• Citations counts over time: Count of data citations from 2013 to 2023, these can be filtered by Repository, Subject, Affiliation, Funder, Journal and Publisher.
  • Citation counts by publisher: Count of data citations by publisher, these can be filtered by Repository, Subject, Affiliation and Funder.
  • Counts of unique repositories, journals, subjects, affiliations, funders: Breakdown of the current coverage in the corpus for journals, affiliations, repositories and subjects.
  • Citation counts by subject: Count of data citations per dataset subject based (where available), these can be filtered by Affiliation, Funder and Publisher.
  • Citation counts by source of citation: Counts for citations ingested from DataCite Event Data and CZI Science Knowledge Graph.
  • Data citations corpus growth: Citation counts and ingest date (into the corpus) by identifier type over time.

Next steps

The next stages of our work on the data citation corpus will involve addressing existing gaps in metadata for data citations, enhancements to the dashboard and corpus visualizations, and ingestion of data citations from additional sources.

We will pursue additional work to achieve broad coverage of data citations in the corpus. Ultimately, we hope that the corpus becomes a valuable resource as part of processes that evaluate the impact and reach of datasets, and facilitates bibliometric analyses to build evidence on data usage. With tools that enable greater transparency in the assessment of the use and reach of open datasets, we can incentivize greater data sharing, and in turn, accelerate and enhance the rigor of research discoveries.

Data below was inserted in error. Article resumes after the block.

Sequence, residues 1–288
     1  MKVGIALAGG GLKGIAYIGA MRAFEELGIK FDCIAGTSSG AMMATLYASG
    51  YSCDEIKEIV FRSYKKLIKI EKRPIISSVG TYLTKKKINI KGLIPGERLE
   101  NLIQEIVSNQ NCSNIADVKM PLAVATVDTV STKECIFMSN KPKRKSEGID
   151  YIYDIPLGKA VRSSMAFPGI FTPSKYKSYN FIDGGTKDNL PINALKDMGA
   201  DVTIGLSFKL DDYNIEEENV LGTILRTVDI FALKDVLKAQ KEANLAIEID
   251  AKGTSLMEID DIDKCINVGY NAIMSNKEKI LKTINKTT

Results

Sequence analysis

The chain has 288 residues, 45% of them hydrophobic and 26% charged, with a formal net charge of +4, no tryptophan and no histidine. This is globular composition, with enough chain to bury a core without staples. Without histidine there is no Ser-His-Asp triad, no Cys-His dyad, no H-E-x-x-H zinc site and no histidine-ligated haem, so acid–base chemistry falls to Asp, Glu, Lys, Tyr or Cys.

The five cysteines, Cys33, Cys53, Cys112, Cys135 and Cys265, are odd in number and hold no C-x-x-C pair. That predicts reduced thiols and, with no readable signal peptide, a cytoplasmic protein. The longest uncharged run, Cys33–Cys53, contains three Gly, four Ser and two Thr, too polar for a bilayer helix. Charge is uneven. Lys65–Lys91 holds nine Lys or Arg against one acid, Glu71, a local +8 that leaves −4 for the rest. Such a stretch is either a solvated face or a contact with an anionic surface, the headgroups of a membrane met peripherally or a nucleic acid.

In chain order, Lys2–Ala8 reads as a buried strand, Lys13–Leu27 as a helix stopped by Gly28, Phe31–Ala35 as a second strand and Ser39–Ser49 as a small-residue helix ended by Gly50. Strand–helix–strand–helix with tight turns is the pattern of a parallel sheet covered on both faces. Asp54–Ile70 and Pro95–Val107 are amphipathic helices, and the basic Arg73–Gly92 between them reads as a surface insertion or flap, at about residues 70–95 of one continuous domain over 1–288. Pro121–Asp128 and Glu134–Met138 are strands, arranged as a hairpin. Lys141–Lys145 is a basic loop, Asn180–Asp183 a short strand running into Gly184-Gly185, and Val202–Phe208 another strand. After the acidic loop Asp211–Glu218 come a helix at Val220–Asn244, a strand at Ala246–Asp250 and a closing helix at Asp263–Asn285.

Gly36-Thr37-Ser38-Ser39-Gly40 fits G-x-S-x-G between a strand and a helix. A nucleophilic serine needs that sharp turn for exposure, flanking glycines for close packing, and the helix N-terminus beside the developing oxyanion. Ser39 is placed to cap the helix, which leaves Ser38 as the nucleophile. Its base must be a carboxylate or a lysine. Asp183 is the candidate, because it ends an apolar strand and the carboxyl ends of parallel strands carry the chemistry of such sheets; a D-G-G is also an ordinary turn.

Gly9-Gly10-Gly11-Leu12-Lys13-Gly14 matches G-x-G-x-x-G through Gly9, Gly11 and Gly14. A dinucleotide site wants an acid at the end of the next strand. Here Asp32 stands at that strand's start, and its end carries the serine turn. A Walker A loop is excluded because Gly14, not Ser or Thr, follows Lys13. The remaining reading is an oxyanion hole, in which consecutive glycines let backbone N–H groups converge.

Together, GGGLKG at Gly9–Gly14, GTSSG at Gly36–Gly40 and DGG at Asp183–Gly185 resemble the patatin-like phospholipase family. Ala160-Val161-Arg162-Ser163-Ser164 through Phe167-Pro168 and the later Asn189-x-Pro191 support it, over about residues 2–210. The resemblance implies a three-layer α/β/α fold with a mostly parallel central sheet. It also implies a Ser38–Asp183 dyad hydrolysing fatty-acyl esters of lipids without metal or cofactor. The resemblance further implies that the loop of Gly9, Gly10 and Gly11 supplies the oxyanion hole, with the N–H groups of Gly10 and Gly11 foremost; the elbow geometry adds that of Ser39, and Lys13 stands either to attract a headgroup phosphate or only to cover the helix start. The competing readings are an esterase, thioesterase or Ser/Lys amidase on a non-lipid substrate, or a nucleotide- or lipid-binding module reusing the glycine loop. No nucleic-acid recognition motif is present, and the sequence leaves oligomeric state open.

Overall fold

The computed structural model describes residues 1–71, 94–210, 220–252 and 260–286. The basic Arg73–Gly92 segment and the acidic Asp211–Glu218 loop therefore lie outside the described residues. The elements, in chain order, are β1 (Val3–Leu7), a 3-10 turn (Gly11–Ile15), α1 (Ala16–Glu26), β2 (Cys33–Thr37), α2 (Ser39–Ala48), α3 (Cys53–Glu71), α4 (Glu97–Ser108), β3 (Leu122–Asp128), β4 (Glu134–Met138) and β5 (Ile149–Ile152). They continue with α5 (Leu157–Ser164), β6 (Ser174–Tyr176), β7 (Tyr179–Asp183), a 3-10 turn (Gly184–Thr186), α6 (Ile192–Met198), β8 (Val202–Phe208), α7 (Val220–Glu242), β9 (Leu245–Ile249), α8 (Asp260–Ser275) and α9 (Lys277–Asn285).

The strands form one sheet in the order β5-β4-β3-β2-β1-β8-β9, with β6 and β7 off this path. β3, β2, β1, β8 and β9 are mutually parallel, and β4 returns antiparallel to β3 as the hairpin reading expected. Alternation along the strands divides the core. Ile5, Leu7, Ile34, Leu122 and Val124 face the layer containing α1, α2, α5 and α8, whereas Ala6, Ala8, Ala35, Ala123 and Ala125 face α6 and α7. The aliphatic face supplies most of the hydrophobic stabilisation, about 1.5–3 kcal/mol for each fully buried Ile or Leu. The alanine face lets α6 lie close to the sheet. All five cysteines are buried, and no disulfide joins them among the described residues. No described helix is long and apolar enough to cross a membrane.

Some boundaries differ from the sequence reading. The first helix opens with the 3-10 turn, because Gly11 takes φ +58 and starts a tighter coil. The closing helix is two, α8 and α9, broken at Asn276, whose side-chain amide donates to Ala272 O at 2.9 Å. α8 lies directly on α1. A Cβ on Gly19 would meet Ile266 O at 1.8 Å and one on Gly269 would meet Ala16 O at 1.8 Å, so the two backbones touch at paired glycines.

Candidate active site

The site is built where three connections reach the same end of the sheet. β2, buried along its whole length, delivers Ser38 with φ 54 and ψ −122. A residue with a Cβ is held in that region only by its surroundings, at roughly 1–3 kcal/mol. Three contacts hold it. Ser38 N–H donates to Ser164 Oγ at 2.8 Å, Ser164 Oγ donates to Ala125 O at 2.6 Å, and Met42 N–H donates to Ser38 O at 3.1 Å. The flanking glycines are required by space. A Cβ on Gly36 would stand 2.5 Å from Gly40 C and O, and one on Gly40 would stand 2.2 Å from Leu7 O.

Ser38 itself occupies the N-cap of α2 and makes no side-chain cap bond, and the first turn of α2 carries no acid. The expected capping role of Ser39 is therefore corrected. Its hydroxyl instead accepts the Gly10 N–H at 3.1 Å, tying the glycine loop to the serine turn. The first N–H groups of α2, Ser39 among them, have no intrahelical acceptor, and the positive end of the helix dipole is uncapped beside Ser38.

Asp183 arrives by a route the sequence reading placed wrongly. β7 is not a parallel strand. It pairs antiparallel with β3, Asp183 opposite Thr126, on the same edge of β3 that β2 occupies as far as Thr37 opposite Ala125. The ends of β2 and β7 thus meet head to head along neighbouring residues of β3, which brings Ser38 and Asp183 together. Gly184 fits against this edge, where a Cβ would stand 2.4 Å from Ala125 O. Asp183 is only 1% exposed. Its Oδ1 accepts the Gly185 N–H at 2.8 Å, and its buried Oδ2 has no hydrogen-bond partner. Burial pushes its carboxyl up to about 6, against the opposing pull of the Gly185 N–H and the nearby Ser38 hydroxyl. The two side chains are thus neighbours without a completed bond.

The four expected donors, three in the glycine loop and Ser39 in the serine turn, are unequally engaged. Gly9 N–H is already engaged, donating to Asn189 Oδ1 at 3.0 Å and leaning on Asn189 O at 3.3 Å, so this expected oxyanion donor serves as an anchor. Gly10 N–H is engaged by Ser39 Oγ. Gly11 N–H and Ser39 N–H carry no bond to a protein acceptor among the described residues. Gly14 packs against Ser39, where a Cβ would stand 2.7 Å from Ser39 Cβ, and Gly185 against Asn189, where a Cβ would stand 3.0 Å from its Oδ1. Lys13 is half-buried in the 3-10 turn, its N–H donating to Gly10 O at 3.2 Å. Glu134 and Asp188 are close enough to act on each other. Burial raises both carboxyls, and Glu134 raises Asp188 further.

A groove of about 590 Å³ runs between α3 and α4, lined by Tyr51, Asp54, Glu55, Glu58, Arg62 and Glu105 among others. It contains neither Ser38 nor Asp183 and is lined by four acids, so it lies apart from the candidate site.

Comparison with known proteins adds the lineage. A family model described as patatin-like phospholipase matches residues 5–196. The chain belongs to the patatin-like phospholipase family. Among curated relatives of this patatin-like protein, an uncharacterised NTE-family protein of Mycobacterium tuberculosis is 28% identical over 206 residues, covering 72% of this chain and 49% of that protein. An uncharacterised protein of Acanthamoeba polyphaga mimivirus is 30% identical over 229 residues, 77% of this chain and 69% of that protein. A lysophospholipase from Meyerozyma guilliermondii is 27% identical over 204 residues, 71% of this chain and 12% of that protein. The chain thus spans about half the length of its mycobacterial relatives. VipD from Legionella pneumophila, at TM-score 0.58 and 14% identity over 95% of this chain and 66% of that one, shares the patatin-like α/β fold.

Get involved

Would you like to learn more about the Data Citation Corpus or become a pilot partner in the project? Please complete this form and we will follow up with you.

Here are ways in which community members can contribute to the corpus:

RepositoriesSubmit citations via the metadata when registering DOIs. DataCite provides documentation on Contributing Citations and References via DataCite DOI metadata. DOI metadata can be updated to include citations after the initial registration.

Track data citations for hosted the datasets and display this and other usage information on the landing page for the dataset records. DataCite provides information on consuming data citations via DataCite Event Data.
Organizations that identify or collect data citations via their own processesSubmit citations to the Data Citation Corpus.
We welcome expressions of interest, do get in touch if you are interested in learning more. 
PublishersSubmit data citations as part of the Crossref metadata deposit – see Crossref’s Data and software citation deposit guide.

STM, DataCite and Crossref’s joint statement on research data lists recommended best practices for data sharing and data citation.
Institutions and fundersWe are keen to learn more about potential uses for the corpus as part of institutional processes. If you are interested in providing feedback and becoming a pilot partner for the project, please email Iratxe Puebla, Director of Make Data Count.
Watch the webinar for the first release of the Data Citation Corpus to learn more about the project, the contribution by Chan Zuckerberg Initiative, and what’s included in the first release of the corpus.

Publisher Data Citation Resources